A new regulation from the U.S. Food and Drug Administration (FDA) will require any restaurant or food retailer with 20 locations or more to post calorie information on its menus, reports NPR. The regulation will apply not only to sit-down or fast-food restaurant chains, but to convenience stores, pizza parlors and movie theaters.
The new labeling was approved in an effort to combat the nation’s obesity epidemic by giving consumers information on dietary choices. According to FDA Commissioner, Margaret A. Hamburg, roughly one-third of the calories Americans consume are away from home, and people expect concise information about the food they eat. Hamburg says that the effectiveness of the labeling will become clearer with time, but that labeling can influence diet, health and behavior, and that the initiative’s main purpose is to provide families with the necessary information to make the best possible food choices.
Margo Watton , director of nutrition policy at the Center for Science in the Public Interest, who has fought for calorie labeling for a decade, says the new regulations are some of the most important public health policies ever passed. According to Watton, 50 cents of every dollar spent on food in the U.S. is now spent on food prepared away from home. In light of the new American food trend, the FDA needed new regulations to cover everything from fast-food restaurants to vending machines, says Watton.
Not everyone is thrilled with the new labeling, however. Director of government relations at the Food Marketing Institute, Rob Rosado, says the calorie counting will do little more than harm consumers. According to Rosado, 95 percent of grocery store food is already labeled with nutrition information in accordance with a 1990 law requiring the labels on all packaged food. Rosado says little of what is sold in grocery stores is prepared, and labeling requirements will likely result in fewer freshly-prepared foods being sold, since the cost and headache of research and labeling could make grocery stores think twice about selling prepared food at all. Rosado says the labeling for bakeries and delis in grocery stores could cost hundreds of millions of dollars and claims the labels will only penalize fresh food.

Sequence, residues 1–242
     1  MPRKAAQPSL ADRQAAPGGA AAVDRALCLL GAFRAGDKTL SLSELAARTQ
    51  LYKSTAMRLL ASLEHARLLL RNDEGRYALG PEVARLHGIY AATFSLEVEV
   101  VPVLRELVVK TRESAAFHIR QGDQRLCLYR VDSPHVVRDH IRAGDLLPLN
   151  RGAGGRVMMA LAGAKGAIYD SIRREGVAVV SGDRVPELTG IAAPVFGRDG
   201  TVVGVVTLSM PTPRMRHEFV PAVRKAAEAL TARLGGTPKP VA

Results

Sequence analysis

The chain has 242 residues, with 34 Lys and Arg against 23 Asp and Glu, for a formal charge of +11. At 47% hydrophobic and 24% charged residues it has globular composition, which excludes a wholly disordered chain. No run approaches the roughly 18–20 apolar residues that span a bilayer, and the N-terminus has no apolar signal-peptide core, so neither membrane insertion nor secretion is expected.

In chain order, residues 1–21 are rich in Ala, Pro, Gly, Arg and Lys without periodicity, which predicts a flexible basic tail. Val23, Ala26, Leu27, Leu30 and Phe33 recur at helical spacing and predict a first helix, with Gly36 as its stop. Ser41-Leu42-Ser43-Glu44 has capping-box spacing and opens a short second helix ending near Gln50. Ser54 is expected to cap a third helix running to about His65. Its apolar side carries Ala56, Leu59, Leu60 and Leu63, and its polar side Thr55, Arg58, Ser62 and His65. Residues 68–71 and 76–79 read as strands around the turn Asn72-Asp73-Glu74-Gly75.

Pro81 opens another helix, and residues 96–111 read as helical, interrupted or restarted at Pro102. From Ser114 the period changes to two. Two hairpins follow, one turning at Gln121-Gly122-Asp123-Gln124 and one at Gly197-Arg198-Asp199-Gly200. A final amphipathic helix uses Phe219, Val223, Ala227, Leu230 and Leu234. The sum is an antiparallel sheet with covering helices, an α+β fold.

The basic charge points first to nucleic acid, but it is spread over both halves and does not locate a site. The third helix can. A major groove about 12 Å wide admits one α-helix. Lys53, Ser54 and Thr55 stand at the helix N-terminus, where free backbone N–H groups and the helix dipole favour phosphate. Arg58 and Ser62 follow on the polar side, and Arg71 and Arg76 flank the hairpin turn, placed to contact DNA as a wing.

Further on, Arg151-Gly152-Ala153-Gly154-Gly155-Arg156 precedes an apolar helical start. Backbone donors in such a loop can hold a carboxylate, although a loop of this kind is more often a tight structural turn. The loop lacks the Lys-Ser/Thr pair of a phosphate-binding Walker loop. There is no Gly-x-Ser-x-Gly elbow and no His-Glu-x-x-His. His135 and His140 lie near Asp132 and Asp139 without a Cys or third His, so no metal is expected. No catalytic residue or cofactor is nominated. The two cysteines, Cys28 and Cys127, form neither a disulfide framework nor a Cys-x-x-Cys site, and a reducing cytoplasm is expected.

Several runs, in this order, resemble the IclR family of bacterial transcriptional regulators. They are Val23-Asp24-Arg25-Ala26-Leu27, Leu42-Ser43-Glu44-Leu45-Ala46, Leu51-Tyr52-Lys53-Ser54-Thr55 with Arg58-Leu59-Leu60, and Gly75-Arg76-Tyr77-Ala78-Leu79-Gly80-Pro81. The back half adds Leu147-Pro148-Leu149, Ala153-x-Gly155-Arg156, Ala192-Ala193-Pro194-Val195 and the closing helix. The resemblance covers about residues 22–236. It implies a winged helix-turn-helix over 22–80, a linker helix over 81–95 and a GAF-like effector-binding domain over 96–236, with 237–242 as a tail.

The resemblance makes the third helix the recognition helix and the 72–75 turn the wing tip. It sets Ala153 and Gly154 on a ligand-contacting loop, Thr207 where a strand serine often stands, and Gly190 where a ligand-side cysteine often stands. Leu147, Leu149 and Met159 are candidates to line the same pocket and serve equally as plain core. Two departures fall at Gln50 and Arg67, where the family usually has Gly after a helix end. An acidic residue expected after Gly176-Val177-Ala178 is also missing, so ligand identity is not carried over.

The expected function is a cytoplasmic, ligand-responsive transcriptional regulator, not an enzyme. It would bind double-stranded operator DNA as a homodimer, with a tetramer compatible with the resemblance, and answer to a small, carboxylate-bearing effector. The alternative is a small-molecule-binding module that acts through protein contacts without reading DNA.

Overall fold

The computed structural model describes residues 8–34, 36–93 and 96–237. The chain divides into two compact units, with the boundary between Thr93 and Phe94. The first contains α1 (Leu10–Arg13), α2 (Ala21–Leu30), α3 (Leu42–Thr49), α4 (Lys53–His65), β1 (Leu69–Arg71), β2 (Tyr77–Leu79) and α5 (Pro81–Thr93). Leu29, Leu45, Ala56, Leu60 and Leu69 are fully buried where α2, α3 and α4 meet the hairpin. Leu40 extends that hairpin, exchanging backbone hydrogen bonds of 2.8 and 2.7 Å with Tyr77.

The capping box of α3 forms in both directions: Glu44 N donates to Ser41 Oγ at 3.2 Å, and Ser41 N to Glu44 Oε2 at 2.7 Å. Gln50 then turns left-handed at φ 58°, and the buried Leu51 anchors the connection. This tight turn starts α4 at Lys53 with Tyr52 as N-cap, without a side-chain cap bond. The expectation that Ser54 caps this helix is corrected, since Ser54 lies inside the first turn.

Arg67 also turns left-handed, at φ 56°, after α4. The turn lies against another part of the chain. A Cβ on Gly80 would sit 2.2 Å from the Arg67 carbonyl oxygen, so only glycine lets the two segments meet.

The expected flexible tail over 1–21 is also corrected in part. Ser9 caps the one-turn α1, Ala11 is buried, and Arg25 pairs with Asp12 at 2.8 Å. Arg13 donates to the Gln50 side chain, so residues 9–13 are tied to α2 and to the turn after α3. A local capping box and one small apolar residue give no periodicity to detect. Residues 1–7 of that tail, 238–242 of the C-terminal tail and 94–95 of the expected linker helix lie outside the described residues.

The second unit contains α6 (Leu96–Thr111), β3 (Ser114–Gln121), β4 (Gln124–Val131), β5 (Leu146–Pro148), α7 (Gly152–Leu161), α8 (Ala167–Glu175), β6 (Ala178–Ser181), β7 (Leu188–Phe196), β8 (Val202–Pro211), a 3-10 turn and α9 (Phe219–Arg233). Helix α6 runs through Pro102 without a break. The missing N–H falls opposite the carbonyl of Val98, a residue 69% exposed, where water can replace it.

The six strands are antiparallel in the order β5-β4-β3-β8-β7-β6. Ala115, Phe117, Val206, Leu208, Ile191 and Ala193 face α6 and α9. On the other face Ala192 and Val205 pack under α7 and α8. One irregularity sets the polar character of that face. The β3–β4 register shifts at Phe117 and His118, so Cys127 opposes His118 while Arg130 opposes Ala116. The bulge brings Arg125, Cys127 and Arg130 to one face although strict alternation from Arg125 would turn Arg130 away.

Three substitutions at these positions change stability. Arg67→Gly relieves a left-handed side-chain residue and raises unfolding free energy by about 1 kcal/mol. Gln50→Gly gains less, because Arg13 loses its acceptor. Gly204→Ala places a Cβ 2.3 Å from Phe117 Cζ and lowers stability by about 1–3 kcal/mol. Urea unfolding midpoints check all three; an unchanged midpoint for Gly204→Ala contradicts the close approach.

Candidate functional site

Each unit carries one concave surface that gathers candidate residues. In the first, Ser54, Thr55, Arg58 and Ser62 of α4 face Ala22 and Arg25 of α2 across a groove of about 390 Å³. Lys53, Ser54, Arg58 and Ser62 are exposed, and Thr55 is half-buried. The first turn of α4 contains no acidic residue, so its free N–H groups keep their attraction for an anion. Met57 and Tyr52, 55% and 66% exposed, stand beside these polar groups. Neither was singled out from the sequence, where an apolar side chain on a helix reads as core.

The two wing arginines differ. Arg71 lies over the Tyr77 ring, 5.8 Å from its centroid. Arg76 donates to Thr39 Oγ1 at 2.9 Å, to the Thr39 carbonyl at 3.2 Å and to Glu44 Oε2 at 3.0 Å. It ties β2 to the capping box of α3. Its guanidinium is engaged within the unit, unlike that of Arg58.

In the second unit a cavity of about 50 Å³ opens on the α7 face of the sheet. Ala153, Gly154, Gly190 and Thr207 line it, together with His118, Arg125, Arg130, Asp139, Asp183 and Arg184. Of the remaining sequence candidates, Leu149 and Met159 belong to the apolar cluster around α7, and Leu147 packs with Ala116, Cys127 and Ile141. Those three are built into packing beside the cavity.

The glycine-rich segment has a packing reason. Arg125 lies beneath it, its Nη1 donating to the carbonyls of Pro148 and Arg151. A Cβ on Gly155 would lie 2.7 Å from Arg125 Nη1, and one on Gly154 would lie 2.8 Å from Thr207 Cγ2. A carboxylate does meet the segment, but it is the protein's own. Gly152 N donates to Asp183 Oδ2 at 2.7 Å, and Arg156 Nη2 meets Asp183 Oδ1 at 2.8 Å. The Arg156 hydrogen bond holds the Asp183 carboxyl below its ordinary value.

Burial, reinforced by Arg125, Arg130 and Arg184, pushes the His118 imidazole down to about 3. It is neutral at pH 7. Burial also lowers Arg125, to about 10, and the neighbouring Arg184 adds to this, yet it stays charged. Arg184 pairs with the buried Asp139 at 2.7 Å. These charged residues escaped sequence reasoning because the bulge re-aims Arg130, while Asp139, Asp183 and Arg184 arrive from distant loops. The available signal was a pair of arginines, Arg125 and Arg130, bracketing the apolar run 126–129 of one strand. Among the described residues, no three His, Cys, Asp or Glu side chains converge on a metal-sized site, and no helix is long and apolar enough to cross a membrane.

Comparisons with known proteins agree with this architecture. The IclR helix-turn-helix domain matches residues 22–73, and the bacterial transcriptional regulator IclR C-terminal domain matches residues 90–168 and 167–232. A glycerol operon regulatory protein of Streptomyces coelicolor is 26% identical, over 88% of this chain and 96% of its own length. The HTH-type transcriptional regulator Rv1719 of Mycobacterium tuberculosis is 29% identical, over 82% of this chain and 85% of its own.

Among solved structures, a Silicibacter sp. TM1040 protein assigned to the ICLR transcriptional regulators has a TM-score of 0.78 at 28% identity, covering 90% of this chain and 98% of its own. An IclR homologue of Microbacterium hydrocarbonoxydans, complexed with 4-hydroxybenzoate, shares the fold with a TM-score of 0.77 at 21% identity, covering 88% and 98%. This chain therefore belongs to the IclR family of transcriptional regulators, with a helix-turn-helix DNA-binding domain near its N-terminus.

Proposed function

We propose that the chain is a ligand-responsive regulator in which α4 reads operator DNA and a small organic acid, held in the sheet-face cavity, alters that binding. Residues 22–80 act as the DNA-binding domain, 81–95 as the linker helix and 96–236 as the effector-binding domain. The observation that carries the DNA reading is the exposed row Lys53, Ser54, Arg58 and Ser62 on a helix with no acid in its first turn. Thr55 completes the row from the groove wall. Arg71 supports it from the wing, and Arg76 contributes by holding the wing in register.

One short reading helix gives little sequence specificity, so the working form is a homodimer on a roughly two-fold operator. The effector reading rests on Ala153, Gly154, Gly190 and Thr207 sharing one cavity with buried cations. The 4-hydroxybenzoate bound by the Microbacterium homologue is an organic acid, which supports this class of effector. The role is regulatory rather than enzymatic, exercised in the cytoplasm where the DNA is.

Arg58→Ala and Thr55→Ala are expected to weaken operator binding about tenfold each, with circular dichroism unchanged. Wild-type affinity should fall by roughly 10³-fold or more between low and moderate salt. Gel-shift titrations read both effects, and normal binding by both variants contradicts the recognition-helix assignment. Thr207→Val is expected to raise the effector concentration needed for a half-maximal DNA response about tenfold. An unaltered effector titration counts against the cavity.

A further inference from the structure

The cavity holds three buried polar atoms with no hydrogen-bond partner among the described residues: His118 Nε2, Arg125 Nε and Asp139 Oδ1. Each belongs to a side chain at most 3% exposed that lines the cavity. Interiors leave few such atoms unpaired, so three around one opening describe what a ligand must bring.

The FDA has had to create a number of exemptions to cover the diverse swath of businesses the new rules will apply to. Pizza restaurants, which had argued that it would be ridiculous to provide calorie counts for such a wide variety of toppings, will be allowed to post broad calorie information, without having to provide labeling for individual pies. According to The Washington Post, smaller restaurants with fewer than 19 locations will not have to label food and only regular menu items and certain alcoholic beverages will be labeled. Seasonal and special menu items and mixed drinks at restaurants, food trucks and food served on airplanes will be exempt.
The new regulations will go into effect in about a year, and could change in that time with challenges from various sectors of the food industry, reports The New York Times. Menu labeling first came into law in 2010 with the Affordable Care Act, but opposition from movie theaters and pizza chains delayed the final rules from coming into effect. The FDA had drafted a proposal of the regulations as early as 2011, but it was not until three years and a number of exemptions later that a set of rules was finally passed.
By Sree Aatmaa Khalsa